One can train networks of artificial neurons to learn to be invariant to shifts and rotations. One can also design such trivial invariance properties into weight sets. In an earlier part of this page, I mentioned the term *quadrature*. Mathematically, two functions of one variable that are in quadrature relationships have a 90 degree phase shift between them. Pairs of such quadrature functions have an automatic invariance (or approximate invariance) to shifts. Depending on whether the dependent variable of the function describes a linear or angular change in pattern either approximate rotational invariance and shift invariance can be designed into the weight sets.

Invariance itself is a double-edged sword. In some cases, I might want my neurons to be invariant to certain types of transformation. At other times, I want to be selective. Let’s take a trivial example in rotation invariance. Sometimes, I want to be able to get a neuron or complete network to detect an object or structure irrespective of its rotation relative to the image plane of a camera. At other times, I want to be able to sense the difference between something that is right-side up or not. It all depends on the nature of the task (in computer vision parlance). Often, I want to both detect a structure *and* know which way it is facing, or oriented. In order to achieve this, a little bit of good algorithm/feature design is helpful. So, the GVP was designed to facilitate either rotation-invariant or rotation-selective behaviour, as required.

Returning to quadrature: all the weight-sets of the main GVP use quadrature pairs of weights. Some are in linear quadrature, others in angular quadrature. There are further details available about the way that scale invariance is obtained, but that is another story.

### Activation Functions

We do not use explicit activation functions in our initial GVP, but we planned that different non-linearities could be applied for different tasks. This, together with the adaptivity of the weight-set, means that there is very high flexibility built into the core GVP without the need for extensive training. For many of the calculations used for perceptual descriptors (you should talk to Cortexica about this for more details), we apply divisive normalisation to outputs, returning these separately to the linear responses. Divisive normalisation implicitly constrains the results of the linear convolution to behave in a non-linear fashion (the characteristic is like a saturating non-linearity). Unlike AlexNet, we grouped the convolutional units that are combined in divisive normalisation in a structured way. However, we had access to the raw linear outputs from the linear portions of the convolution calculation. Both linear and non-linear responses were simultaneously accessible at each level.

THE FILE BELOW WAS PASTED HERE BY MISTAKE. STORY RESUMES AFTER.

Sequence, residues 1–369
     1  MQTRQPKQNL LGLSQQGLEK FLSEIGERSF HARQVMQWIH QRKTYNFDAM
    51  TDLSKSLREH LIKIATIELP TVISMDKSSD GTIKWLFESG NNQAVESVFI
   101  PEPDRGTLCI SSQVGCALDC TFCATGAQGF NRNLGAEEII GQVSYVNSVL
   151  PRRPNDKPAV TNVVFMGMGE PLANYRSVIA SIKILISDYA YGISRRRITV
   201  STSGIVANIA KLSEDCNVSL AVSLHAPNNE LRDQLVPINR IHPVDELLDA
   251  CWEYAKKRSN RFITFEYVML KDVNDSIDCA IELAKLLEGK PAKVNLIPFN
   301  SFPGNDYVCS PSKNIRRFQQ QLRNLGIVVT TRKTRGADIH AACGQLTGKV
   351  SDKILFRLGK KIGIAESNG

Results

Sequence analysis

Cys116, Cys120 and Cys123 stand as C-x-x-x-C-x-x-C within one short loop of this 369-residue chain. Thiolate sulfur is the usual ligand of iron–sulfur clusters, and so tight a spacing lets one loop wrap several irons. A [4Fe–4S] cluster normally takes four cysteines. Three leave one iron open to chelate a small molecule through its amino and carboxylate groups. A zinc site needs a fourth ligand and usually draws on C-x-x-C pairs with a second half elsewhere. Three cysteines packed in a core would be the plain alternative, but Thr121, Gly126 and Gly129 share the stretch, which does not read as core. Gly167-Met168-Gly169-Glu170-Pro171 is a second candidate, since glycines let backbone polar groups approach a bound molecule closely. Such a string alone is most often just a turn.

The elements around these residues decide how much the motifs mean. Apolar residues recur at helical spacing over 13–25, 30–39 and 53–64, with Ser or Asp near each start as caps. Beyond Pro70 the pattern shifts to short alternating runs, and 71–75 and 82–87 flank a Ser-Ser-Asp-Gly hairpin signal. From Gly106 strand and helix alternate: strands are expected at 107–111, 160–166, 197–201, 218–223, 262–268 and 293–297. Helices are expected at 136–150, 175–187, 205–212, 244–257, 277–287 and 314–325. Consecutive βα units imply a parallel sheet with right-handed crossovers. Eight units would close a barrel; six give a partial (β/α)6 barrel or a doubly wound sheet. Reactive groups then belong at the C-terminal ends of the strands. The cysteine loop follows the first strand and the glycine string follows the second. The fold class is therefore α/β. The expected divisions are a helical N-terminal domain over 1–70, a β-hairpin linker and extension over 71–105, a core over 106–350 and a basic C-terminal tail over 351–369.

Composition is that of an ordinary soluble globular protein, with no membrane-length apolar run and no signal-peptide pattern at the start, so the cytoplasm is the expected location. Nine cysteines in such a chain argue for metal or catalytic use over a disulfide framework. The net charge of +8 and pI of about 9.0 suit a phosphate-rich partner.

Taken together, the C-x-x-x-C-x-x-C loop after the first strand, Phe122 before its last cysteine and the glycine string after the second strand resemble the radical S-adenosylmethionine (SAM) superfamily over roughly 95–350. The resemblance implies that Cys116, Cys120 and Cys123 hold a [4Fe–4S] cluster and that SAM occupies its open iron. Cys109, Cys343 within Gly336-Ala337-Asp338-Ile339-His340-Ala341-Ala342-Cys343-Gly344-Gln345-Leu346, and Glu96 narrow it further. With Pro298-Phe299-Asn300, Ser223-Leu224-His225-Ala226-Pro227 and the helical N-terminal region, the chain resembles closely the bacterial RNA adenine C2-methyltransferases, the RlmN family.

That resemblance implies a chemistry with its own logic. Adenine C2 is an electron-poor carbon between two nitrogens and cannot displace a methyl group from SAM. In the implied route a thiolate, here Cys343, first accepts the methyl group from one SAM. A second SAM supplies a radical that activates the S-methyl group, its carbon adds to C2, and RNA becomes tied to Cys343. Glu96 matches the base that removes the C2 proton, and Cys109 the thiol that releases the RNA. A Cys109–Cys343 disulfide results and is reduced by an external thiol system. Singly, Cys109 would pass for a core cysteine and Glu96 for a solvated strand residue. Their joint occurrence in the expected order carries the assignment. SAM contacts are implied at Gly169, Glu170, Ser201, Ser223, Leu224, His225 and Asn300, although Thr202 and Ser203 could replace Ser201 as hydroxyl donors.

### “Backprop” rules, OK ?

Although much of the GVPs early weight design work was based on semi-analytical or piecewise analytical functions, we used numeric optimisation in parametric space to work out good weight sets. However, it’s worth saying that if we were starting again, we’d probably simply design the weights of our stacked convolutional layers using backprop. This *does not mean* that there are *not* other ways to engineer really nice weight sets with really robust properties and minimal training. Backprop does involve significantly less work ! Today, Cortexica uses Backprop extensively, as do members of the BICI Lab.

## Contact us

Prof Anil Anthony Bharath

a.bharath@imperial.ac.uk

**Telephone**+44 (0)20 7594 5463

**Address**

Room 4.12

Department of Bioengineering

Royal School of Mines Building

Imperial College London